Johannesburg - Most people associate American motorcycles with gas-guzzling, heavy-metal cruisers, but the land of Harleys is also at the forefront of “green” bikes that consume zero fuel.
Appropriately they’re called Zero Motorcycles, and their range of electrically-powered bikes recently became available in South Africa, imported by Cayenne World. Established in 2007, the California-based company has a South African connection in that its Marketing and Sales Director is Pieter de Waal, the former boss of BMW motorcycles in South Africa who went on to head up BMW’s USA motorcycle division.
Where a petrol engine would normally slot in, the Zero has a rechargable Lithium Ion battery feeding an electric motor, and the fake “petrol tank” houses a recharging cord which plugs into a standard 220v power socket. It takes around seven hours to fully charge.
IT’S THE TORQUE THAT COUNTS
Outputs of 40kW and 92Nm make this electric bike anything but a lazy scooter-type commuter forever consigned to the left lane. It’s that torque figure – which approaches that of a 1000cc petrol-powered bike – that really counts. The first time I cranked open that throttle and felt the silent but violent forward surge, I discovered that going green needn’t be at the expense of performance or excitement. It’s a decidedly sporty power delivery, similar to a 600cc bike, I’d say, but with much more instant response.
An electric motor develops its full torque instantly without needing to be revved, and it’s what gives this fume-free bike its very lively and instantly accessible performance. With a claimed 0-100km/h time in just over five seconds this electric bike will out-accelerate anything short of a sportscar, but it’s the punchy overtaking acceleration that was the real eye-opener for me.
All of this athletic ability takes place in almost eerie silence, with just a background whine from the electric motor. This stealth can be a problem as inattentive pedestrians sometimes don’t hear you coming.
There are three Zero derivatives and the version on test here is the DS (dual-sport), which comes with a raised ground clearance and wire-spoked wheels fitted with dual-purpose tyres to give it some dirt-riding ability.
Apart from that punchy performance it has a very nippy and nimble nature. It’s a fairly light and easily manageable bike, and low enough for shorter riders to straddle comfortably. It’s also very easy to ride, especially for biking newbies who might be intimidated by the prospect of changing gears. It’s fully automatic, so you simply yank the throttle and go – no messing with a clutch or gearlever.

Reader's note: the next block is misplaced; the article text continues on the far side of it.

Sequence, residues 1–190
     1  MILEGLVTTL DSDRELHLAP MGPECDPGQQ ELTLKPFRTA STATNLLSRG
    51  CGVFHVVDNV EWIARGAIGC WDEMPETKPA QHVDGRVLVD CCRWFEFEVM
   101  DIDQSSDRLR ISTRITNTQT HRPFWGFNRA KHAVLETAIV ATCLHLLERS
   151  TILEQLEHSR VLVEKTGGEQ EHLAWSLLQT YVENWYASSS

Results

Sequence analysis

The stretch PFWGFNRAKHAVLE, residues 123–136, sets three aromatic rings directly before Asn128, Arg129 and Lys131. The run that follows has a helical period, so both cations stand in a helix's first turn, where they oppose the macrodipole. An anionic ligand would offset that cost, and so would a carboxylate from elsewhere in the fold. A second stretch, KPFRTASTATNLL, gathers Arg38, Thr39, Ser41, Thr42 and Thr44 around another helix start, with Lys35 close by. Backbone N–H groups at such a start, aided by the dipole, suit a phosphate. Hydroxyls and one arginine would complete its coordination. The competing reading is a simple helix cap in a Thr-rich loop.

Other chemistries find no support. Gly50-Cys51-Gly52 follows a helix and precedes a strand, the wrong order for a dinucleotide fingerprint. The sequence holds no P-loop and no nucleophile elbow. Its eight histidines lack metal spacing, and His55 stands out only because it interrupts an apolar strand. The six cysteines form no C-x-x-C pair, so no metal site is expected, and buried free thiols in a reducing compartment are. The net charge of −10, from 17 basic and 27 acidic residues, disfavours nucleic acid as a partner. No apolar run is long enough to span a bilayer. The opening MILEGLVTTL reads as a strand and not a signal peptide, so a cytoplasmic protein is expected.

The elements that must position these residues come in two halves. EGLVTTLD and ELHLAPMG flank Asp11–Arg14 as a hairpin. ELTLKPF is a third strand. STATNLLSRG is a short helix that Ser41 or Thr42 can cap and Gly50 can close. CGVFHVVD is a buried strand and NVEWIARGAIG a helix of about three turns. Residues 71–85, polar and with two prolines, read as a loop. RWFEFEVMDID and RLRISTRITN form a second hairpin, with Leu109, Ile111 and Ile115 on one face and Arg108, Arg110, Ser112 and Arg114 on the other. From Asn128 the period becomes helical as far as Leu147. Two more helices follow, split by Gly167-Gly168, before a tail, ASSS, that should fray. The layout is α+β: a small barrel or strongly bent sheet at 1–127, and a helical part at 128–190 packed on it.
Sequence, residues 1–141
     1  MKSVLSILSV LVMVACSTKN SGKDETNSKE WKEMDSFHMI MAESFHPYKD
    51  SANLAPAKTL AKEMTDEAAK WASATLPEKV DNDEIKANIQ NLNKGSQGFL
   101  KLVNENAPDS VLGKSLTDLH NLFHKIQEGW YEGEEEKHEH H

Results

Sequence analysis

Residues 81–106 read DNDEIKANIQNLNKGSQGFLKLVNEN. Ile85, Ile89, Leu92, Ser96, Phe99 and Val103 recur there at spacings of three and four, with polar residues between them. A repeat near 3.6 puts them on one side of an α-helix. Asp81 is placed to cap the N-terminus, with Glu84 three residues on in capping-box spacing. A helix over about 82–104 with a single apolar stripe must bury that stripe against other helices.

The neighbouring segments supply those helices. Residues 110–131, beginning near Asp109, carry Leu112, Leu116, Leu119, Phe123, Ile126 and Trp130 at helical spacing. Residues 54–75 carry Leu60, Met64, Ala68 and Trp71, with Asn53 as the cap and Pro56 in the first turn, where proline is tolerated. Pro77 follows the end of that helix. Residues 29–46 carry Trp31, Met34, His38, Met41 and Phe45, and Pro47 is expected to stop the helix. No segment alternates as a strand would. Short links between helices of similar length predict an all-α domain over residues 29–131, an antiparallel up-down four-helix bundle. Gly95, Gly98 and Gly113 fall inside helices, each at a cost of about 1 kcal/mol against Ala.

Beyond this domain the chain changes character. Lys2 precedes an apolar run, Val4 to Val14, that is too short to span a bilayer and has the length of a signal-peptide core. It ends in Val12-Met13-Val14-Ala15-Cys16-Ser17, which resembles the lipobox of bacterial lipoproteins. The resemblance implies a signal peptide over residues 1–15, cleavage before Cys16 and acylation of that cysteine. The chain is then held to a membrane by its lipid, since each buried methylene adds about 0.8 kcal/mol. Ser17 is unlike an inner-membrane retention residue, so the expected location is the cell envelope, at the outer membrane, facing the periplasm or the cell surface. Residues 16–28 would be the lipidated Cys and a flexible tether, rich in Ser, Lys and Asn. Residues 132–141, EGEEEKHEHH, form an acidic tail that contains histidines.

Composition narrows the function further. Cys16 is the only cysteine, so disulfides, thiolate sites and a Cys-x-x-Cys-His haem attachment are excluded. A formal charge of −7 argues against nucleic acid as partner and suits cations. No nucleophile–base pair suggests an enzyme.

As with all electrically-powered vehicles the problem is range, as battery technology still isn’t advanced enough to give the same charge-to-charge mileage as you’d get on a tank of petrol.
Depending on how and where you ride it, the fully-charged Zero bike should give a range of between 104km and 224km. Higher-speed cruising of the breakfast-run type drains the battery quickly, and the Zero’s really designed for urban commuting and stop-start riding, where a regenerative system charges the battery and extends the range each time you close the throttle or apply the brakes.
There are two riding programmes: Power mode which serves up all of the available grunt up to a 158km/h top speed, and Eco which extends battery range by limiting the electric motor’s outputs and capping top speed at 115km/h.
There’s also a custom mode which lets you vary the speed limiter and level of braking-regeneration using your smartphone, which pairs with the bike via Bluetooth.
HOW FAR ON A CHARGE?
After an overnight charge (hopefully not interrupted by load-shedding) its range should be more than enough to cover most people’s daily commute, and you can always charge the Zero at work if necessary.
The list price seems relatively expensive at R139 900 (including a 5 year 160 000km warranty and a service plan), but the Zero’s selling point is that running costs are a fraction of a petrol bike. Financing the bike costs R1950 per month over 72 months, with no additional running costs except the electricity bills, which will be a fraction of filling up with fuel. There are also no costs for oil, chain lube or anti-freeze, etc. The only scheduled service item is tensioning the drive belt from time to time, which is covered by the service plan.
Cayenne World offers a guaranteed buy-back of 70% of the bike’s value after three years.
It’ll be decades before the world’s oil wells run dry and battery-powered vehicles become the norm on our roads, but for a technology still in its relative infancy, the Zero bike I road-tested isn’t a bad effort.
As an urban commuter it makes a lot of sense. It’s cheap to run, effortless to operate, and has useable commuting range. It’s also surprisingly fun to ride.